Recommended Reading
  • How To Win Friends and Influence People
    How To Win Friends and Influence People
    by Dale Carnegie
  • Influence: Science and Practice (5th Edition)
    Influence: Science and Practice (5th Edition)
    by Robert B. Cialdini
  • The Essential Drucker: The Best of Sixty Years of Peter Drucker's Essential Writings on Management (Collins Business Essentials)
    The Essential Drucker: The Best of Sixty Years of Peter Drucker's Essential Writings on Management (Collins Business Essentials)
    by Peter F. Drucker
  • Little Black Book of Connections: 6.5 Assets for Networking Your Way to Rich Relationships
    Little Black Book of Connections: 6.5 Assets for Networking Your Way to Rich Relationships
    by Jeffrey Gitomer
  • The 48 Laws of Power
    The 48 Laws of Power
    by Robert Greene
  • In Search of Excellence: Lessons from America's Best-Run Companies (Collins Business Essentials)
    In Search of Excellence: Lessons from America's Best-Run Companies (Collins Business Essentials)
    by Thomas J. Peters, Robert H. Waterman
  • The Art Of War
    The Art Of War
    by Sun Tzu
About this Blog

Debra Wheatman, President of Careers Done Write, provides expert insight to the job search process that puts your career in gear with tips for interviewing, networking, job search strategies and how to create a winning résumé and cover letter.

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Resume and advice blog from Debra Wheatman


Need More Vacation Time

Dear Deb:

I am planning to return to work as a marketing director after a 12-year break.   I want to communicate to the employer that I will need time off to accompany my husband when he travels to Europe and Asia for work.  Most times, we have a 2 to 3-week notice of the trips. We’re usually gone 10 days and probably only go 3 times each year.  Also, when my kids are off school, we spend some time at the beach.  So, the grind of working with only 3 weeks of vacation is not going to work for me.   How do I make this clear in my resume and cover letter?  I would rather them know upfront so we both don’t waste our time.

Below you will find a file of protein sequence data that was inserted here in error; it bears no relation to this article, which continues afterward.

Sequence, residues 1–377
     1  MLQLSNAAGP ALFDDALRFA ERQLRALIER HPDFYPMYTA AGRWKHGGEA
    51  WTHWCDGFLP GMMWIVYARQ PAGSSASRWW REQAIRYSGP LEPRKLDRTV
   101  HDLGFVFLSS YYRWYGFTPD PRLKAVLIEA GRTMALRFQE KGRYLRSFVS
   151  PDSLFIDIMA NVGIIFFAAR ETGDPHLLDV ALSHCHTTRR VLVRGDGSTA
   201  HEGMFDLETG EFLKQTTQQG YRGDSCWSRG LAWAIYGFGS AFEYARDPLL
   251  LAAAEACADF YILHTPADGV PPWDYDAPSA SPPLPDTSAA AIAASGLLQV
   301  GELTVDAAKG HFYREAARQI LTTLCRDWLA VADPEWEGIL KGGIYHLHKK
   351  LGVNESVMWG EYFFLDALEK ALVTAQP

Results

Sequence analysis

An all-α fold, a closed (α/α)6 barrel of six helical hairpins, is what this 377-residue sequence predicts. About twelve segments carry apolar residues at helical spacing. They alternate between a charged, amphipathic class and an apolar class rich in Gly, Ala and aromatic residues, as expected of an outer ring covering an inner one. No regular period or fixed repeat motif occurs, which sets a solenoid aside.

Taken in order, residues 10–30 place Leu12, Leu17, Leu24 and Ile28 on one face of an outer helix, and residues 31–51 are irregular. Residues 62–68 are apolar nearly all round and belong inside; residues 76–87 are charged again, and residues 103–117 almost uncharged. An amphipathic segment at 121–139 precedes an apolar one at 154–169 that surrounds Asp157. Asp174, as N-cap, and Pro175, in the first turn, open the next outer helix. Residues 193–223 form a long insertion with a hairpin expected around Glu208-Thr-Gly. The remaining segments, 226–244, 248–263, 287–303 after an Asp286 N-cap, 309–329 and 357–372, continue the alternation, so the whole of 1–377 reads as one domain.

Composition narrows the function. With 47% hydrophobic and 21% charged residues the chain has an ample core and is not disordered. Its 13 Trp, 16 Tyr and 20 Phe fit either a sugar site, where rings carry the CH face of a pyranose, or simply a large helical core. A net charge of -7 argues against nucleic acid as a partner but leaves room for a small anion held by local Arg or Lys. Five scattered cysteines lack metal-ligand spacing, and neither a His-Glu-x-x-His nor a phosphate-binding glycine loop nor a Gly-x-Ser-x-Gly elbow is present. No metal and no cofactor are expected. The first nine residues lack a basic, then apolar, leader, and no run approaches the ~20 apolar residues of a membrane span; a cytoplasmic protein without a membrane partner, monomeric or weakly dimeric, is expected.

Dear Phyllis:

It is smart to think about your priorities and create a vision for your ideal job before you start your job search.  The next step is to determine if there are jobs that meet your requirements available in the marketplace.  I would say that a position as an employee will most likely include two to four weeks of vacation per year plus holidays and a few days of paid-time-off for illness or personal days.  For non-executives and recent hires, two weeks of vacation is more common.  

Of course, everything is negotiable.  The time to lay out your terms is not in the resume or cover letter.  These are things to be discussed after a job offer has been made.  If you mention in your resume or cover letter these requirements, your interview invitation rate will likely be non-existent.  During the application and interview process, the focus should be on the value you offer and not on your needs and limitations.

My recommendation is that you consider working in a contract position so you can work for sprints of time and have plenty of breaks for travel and recreation.  Another option that may suit your lifestyle is to launch your own marketing consulting practice. 

I wish you all the best in your career!



5 Ways to Compensate for a Lack of Paid Professional Experience

Don’t let lack of recent paid professional experience keep you from your dream job.  There are at least five ways that you can gain skills and experience necessary for your target career.  You may discover that you already have experience that proves that you are qualified for the job. 

1.) Professional Certifications